Bristol’s new Alternative Learning Provision (ALP) framework approved

Bristol’s new Alternative Learning Provision (ALP) framework approved

A new and improved alternative education plan for children and young people in Bristol has been approved by Cabinet, with the recommissioning of the city's Alternative Learning Provision (ALP) framework.

19 October 2021

The £16.5m investment over a five-year period will deliver a range of initiatives outlined in a new Alternative Learning Provision Commissioning Strategy 2022-27.

ALP is for pupils who cannot attend mainstream educational settings due to emotional or physical health needs, for example as a result of trauma. The Bristol City Council (BCC) ALP Hub oversees the pupils taught in ALP and sometimes arranges alternative provision. Schools can also directly commission ALP.

Deputy Mayor, Councillor Asher Craig, and newly appointed cabinet lead for Education and Skills welcomed the decision. She said: “For the past 20 months we have been looking at and reviewing the education system in Bristol including special educational needs and disabilities (SEND), ALP and school place sufficiency, to ensure that our approach and investment leads to meaningful improvements.

“The new ALP framework links to our ongoing local area provision work Bristol, which also includes a large-scale, £28m programme currently underway to increase the number of places for pupils who need specialist provision.”

The new ALP framework will look to provide more in-school support for pupils in mainstream schools at risk of moving into ALP, such as a new ‘keep in touch’ service for key transition points in a child or young person’s education journey.

The review and the new ALP Strategy are informed by recommendations for improvement made by the Ofsted and Care Quality Commission (CCQ) inspection of SEND in Bristol’s local area, in 2019, which required a Written Statement of Action (WSoA).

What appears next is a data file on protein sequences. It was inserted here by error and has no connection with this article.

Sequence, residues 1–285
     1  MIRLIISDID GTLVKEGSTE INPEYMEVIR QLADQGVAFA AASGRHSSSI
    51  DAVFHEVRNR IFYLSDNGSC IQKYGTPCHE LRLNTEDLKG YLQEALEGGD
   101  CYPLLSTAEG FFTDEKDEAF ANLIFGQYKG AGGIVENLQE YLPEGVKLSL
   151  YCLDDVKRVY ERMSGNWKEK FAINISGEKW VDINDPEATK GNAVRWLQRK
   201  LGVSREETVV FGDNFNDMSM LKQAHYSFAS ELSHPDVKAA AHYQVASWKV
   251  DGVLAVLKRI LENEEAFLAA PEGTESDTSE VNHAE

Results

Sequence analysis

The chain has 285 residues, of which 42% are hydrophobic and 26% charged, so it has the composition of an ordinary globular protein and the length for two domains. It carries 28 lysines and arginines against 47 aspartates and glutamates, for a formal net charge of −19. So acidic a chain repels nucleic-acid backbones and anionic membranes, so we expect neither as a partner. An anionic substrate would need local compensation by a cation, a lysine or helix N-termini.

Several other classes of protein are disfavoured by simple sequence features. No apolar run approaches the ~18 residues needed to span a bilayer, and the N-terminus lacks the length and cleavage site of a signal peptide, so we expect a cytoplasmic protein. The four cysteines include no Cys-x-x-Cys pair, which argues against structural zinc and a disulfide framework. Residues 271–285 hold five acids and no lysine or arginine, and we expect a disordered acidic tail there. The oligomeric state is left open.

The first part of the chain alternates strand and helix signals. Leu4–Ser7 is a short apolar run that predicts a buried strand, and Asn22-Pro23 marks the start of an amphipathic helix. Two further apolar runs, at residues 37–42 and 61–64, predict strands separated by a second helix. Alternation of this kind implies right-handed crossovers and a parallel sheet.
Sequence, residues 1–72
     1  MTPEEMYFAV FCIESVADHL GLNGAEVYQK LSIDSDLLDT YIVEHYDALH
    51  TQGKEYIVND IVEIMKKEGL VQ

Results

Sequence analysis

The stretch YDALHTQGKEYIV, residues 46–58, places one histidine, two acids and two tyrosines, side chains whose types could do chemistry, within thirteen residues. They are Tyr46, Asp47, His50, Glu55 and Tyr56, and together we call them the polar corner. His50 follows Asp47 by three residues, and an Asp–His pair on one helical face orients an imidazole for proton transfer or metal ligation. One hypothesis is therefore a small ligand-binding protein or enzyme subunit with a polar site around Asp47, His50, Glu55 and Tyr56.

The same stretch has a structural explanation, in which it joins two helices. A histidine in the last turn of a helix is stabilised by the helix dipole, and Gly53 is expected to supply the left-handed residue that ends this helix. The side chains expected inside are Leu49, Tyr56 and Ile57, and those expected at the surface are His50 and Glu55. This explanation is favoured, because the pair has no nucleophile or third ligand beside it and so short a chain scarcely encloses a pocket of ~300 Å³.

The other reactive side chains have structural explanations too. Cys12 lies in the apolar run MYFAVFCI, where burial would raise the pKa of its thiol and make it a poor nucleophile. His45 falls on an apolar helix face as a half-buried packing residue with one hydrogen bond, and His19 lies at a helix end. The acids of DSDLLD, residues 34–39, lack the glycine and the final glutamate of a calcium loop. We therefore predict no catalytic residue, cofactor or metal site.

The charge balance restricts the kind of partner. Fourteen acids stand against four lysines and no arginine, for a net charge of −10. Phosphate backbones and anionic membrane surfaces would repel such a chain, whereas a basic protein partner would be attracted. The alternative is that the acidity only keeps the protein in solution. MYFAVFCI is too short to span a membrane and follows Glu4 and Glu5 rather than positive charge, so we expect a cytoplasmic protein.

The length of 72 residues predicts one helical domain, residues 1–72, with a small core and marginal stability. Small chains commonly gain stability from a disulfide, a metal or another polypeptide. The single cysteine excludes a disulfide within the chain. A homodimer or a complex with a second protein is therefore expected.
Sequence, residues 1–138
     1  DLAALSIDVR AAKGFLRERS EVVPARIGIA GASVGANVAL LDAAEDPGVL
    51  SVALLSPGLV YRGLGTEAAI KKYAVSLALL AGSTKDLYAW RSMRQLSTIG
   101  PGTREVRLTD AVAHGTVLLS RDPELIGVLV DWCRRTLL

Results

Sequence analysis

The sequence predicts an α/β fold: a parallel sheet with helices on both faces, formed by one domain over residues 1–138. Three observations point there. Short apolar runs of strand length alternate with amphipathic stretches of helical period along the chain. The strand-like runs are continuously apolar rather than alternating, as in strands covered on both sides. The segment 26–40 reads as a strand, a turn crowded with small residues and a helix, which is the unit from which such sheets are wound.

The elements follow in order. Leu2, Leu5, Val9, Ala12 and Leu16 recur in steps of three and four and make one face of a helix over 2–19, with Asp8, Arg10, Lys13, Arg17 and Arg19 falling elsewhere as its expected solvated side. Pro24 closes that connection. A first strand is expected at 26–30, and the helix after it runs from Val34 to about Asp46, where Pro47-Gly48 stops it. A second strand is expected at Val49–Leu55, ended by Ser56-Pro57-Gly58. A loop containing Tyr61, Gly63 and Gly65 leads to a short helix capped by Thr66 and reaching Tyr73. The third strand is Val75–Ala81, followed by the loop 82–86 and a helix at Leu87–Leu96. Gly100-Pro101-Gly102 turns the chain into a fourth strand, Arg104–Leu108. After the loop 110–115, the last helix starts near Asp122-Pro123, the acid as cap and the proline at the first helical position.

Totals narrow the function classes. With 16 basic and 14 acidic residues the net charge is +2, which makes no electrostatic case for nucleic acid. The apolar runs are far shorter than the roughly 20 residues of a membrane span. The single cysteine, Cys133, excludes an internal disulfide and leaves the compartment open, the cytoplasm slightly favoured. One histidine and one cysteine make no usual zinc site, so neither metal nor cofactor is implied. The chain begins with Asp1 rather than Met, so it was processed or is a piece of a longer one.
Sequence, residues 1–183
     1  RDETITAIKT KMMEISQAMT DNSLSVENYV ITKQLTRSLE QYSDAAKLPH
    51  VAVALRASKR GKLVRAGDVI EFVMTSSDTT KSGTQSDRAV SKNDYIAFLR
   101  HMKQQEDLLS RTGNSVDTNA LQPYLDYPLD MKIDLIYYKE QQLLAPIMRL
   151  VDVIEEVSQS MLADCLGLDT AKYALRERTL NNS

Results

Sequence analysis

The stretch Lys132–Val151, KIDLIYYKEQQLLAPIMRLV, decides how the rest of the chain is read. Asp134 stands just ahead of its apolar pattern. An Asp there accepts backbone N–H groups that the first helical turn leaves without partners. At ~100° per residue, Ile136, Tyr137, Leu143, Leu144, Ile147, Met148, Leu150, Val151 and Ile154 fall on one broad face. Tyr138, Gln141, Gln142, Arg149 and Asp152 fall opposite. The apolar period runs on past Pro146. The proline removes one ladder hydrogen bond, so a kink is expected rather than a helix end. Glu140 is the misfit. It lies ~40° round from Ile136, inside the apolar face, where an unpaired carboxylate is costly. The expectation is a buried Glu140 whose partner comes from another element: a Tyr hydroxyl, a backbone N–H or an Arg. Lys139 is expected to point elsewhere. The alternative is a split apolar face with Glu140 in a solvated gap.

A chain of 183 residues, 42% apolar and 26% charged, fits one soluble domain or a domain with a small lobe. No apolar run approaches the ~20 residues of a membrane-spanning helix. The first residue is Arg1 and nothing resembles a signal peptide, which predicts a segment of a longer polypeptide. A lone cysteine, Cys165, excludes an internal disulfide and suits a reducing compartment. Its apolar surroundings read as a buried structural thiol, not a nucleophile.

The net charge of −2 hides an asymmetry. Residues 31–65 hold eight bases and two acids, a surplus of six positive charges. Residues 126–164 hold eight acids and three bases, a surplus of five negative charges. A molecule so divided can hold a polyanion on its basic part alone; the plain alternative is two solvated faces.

Earlier this year, Director for Education and Skills, Alison Hurley, commissioned a full review of current ALP provision in Bristol which resulted in 31 key recommendations. These recommendations will be addressed through a clear ALP statement of action, which is currently being co-produced with families and education partners.

Historically, Bristol’s use of ALP has been higher than other local authorities, with some groups of children and young people disproportionately affected, including children in care, children and young people with SEND and those eligible for Free School Meals.

The new framework seeks to promote greater inclusion in mainstream schools, reducing the numbers of pupils in long-term, full-time ALP.

In the past two weeks BCC held seven events with education settings, professionals involved in ALP and parents and carers to establish how the ALP system is working and gathering views on what improvements they would like to see in the ALP system in Bristol.

Further events are planned before the end of October, including visits to education settings to speak to children and young people who are currently in ALP. 

Following the sessions, the ALP Statement of Action plan will be updated to ensure the steps taken to improve the ALP system address people’s concerns.

We would like to speak to more parents and carers to get your views on how to improve the ALP system in Bristol. If you would like to be part of this, please email

Bristol City Council and local area partners have now met, or are on target to meet, almost 90% of the final set of 36 milestones of improvement set out in the Ofsted/CQC Written Statement of Action.

A new SEND Partnership Plan is in development and will continue to tackle the areas of weakness identified in the inspection. It will also provide the opportunity to include other areas that were not highlighted in the inspection findings, but that families have told BCC are important to them.

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